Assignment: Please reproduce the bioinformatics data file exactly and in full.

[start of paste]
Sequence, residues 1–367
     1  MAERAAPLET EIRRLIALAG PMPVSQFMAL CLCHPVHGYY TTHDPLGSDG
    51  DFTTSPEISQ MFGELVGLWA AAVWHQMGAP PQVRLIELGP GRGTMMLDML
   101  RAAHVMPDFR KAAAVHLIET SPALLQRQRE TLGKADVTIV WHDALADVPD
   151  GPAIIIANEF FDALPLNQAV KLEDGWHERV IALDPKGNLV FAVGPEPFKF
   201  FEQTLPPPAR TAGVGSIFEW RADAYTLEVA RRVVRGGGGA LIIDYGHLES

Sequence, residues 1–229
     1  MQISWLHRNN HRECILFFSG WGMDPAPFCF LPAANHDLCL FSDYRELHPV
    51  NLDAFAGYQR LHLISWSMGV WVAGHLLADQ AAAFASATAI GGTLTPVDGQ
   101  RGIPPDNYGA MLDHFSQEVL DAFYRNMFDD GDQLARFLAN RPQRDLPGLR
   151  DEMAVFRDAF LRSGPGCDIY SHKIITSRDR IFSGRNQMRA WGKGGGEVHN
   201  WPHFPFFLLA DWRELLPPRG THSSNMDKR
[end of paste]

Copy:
Sequence, residues 1–367
     1  MAERAAPLET EIRRLIALAG PMPVSQFMAL CLCHPVHGYY TTHDPLGSDG
    51  DFTTSPEISQ MFGELVGLWA AAVWHQMGAP PQVRLIELGP GRGTMMLDML
   101  RAAHVMPDFR KAAAVHLIET SPALLQRQRE TLGKADVTIV WHDALADVPD
   151  GPAIIIANEF FDALPLNQAV KLEDGWHERV IALDPKGNLV FAVGPEPFKF
   201  FEQTLPPPAR TAGVGSIFEW RADAYTLEVA RRVVRGGGGA LIIDYGHLES

Sequence, residues 1–229
     1  MQISWLHRNN HRECILFFSG WGMDPAPFCF LPAANHDLCL FSDYRELHPV
    51  NLDAFAGYQR LHLISWSMGV WVAGHLLADQ AAAFASATAI GGTLTPVDGQ
   101  RGIPPDNYGA MLDHFSQEVL DAFYRNMFDD GDQLARFLAN RPQRDLPGLR
   151  DEMAVFRDAF LRSGPGCDIY SHKIITSRDR IFSGRNQMRA WGKGGGEVHN
   201  WPHFPFFLLA DWRELLPPRG THSSNMDKR